'Why allow crowding before liquor stores,' Kerala HC raps Excise dept

A day after a two-judge bench of the High Court sought an explanation from the excise commissioner for the overcrowding in front of BEVCO outlets, yet another High Court judge had expressed serious misgivings about the long queues in front of liquor outlets.

"When only 10 people are allowed for funerals and 20 for marriages, there is a group fight in front of liquor outlets," Justice Devan Ramachandran said on Thursday with the excise commissioner and the Beverages Corporation (BEVCO) MD participating through video conference.

It was Justice Devan Ramachandran's letter to the High Court on July 2, which had photographs attached of long queues in front of government-run liquor outlets during COVID-19, that had prompted the two-judge bench of Chief Justice S Manikumar and Justice Shaji P Chaly to register a suo motu public interest litigation in the case. The pictures sent by Justice Devan Ramachandran show the absence of social distancing in front of these outlets, and reveal that some of these outlets are near residential areas.

In its interim order on July 7, the two-judge bench had taken the Kerala Government to task. "Government, on the one hand, is trying to reduce the number of Covid cases, by taking appropriate measures, vaccination, etc. Simultaneously, crowding at public places should not be allowed, more particularly, in liquor shops. Health is more important than revenue."

There was a reason why the Court hinted that the Kerala government was more concerned about revenue maximisation than COVID-19 containment. In an order issued on June 16, the Government had increased the profit margin of Beverages Corporation when it sold liquor to bar hotels and licensees and also to the Consumerfed. In protest, bar owners stopped the sale of liquor. This resulted in the entire liquor sales getting shifted to BEVCO outlets, causing long, at times unmanageable, queues.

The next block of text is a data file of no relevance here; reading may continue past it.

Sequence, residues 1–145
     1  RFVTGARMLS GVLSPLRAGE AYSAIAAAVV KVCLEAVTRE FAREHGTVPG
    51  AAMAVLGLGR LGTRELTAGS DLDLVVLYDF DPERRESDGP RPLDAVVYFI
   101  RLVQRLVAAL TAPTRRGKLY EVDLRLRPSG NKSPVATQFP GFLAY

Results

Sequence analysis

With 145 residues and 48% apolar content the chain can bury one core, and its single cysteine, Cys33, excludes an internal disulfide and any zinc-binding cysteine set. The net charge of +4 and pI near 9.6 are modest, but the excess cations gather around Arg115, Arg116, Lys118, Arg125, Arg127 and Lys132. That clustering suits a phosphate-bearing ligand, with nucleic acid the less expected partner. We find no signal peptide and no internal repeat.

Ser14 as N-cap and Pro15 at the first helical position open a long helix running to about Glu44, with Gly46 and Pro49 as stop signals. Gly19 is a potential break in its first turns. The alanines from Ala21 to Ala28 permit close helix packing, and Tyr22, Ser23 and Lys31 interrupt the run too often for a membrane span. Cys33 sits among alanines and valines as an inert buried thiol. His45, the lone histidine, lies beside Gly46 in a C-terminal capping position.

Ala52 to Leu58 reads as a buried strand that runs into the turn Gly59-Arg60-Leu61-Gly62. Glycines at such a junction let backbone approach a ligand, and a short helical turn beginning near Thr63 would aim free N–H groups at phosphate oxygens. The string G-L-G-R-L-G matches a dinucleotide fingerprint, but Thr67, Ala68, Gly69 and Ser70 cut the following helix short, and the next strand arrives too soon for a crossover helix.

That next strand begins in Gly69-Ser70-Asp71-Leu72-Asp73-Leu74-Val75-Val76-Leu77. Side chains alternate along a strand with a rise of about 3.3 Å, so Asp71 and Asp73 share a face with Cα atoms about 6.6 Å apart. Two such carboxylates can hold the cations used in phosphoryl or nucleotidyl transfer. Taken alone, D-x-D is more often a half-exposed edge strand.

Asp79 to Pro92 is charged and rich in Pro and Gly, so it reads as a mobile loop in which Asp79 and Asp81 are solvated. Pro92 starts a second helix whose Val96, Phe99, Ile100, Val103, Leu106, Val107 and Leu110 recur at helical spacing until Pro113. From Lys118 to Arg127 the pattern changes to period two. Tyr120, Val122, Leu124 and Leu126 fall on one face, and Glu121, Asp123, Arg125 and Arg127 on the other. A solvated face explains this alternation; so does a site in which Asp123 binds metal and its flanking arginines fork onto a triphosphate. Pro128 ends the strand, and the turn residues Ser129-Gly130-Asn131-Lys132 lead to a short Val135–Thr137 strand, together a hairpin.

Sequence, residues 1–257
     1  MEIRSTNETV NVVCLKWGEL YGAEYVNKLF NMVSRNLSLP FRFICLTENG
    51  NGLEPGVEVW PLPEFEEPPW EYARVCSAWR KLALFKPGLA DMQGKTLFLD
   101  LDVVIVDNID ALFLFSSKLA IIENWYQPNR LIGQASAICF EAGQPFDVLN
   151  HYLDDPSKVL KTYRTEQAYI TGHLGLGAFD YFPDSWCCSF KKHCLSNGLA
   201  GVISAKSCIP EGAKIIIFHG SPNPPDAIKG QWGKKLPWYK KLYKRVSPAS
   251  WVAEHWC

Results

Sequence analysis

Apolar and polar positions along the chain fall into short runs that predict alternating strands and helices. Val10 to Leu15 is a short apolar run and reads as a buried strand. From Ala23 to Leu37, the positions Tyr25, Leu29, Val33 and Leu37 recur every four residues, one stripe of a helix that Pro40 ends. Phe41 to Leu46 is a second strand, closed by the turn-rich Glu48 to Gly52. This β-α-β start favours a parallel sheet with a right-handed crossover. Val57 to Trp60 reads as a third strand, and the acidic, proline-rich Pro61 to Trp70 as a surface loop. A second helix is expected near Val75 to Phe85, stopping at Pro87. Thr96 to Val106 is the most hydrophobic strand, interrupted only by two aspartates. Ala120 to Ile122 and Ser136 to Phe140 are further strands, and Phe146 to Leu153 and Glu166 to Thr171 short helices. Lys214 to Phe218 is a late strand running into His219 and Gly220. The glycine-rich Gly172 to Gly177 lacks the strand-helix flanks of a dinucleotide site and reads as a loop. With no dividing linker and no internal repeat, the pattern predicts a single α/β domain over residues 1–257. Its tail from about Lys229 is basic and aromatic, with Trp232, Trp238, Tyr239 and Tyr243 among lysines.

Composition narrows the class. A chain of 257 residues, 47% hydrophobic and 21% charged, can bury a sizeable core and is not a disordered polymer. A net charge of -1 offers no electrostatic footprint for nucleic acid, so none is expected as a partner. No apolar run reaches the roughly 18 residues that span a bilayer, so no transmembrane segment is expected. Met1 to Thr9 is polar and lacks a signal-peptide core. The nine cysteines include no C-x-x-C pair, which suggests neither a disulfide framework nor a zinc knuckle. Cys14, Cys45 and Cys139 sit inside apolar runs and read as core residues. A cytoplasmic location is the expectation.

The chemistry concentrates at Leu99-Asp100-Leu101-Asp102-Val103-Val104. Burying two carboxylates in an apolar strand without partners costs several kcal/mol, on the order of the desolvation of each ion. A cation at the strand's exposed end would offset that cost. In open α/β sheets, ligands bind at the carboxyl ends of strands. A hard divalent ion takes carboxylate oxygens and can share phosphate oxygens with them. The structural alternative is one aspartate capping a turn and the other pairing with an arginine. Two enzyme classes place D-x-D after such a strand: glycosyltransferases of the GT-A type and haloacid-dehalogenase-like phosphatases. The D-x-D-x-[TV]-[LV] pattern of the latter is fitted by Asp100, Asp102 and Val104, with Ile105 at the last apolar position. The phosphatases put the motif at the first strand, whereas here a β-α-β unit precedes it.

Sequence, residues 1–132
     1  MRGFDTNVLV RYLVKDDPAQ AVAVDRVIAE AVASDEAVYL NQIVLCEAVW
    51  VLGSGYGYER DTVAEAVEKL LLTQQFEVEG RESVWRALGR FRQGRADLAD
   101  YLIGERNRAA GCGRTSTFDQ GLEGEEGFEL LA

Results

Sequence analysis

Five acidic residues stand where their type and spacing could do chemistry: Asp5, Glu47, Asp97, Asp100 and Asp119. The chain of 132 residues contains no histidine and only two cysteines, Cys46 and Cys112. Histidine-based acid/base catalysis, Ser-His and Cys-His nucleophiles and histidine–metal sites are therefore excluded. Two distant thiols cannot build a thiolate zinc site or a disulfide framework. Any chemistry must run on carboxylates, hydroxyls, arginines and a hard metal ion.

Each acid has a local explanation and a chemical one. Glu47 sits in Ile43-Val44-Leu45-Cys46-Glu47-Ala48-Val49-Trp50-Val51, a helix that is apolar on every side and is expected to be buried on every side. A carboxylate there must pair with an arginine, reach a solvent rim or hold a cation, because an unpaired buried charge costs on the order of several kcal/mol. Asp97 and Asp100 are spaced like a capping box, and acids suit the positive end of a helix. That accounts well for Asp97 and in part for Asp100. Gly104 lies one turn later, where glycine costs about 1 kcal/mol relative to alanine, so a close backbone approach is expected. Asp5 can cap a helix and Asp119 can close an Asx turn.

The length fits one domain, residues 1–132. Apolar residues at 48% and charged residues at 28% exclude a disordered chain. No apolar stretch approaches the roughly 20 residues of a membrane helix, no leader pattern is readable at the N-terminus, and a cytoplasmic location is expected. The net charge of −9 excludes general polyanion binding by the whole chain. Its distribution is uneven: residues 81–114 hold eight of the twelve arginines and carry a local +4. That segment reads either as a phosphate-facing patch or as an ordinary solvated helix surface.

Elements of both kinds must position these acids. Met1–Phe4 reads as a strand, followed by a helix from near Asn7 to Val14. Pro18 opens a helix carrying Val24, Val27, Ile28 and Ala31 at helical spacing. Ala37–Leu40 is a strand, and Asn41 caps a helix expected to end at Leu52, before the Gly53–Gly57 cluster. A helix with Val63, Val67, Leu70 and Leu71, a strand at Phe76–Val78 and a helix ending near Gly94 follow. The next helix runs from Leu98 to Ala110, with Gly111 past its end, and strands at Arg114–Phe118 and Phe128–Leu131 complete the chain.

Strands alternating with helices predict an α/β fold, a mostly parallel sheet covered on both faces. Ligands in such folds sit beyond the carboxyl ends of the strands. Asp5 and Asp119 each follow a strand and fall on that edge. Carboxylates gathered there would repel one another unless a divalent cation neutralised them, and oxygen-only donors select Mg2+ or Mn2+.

The government had issued detailed COVID-19 protocols for these outlets, including circles for customers one metre apart. The Court, however, observed that these protocols were mostly violated. Worse still, these violations were not acted upon.

"Even though, periodical orders are issued by the Central and State Governments regarding Covid protocol guidelines, they do not seem to be observed in letter and spirit at some places, particularly liquor shops. It is clearly mentioned in the above orders that any lapse in following the restrictions would be viewed seriously. But we find that no action is taken against the defaulters so far," the two-judge bench said on July 7.

The Bench had also sought a detailed report from the State government on its failure to observe COVID protocol in the shops.

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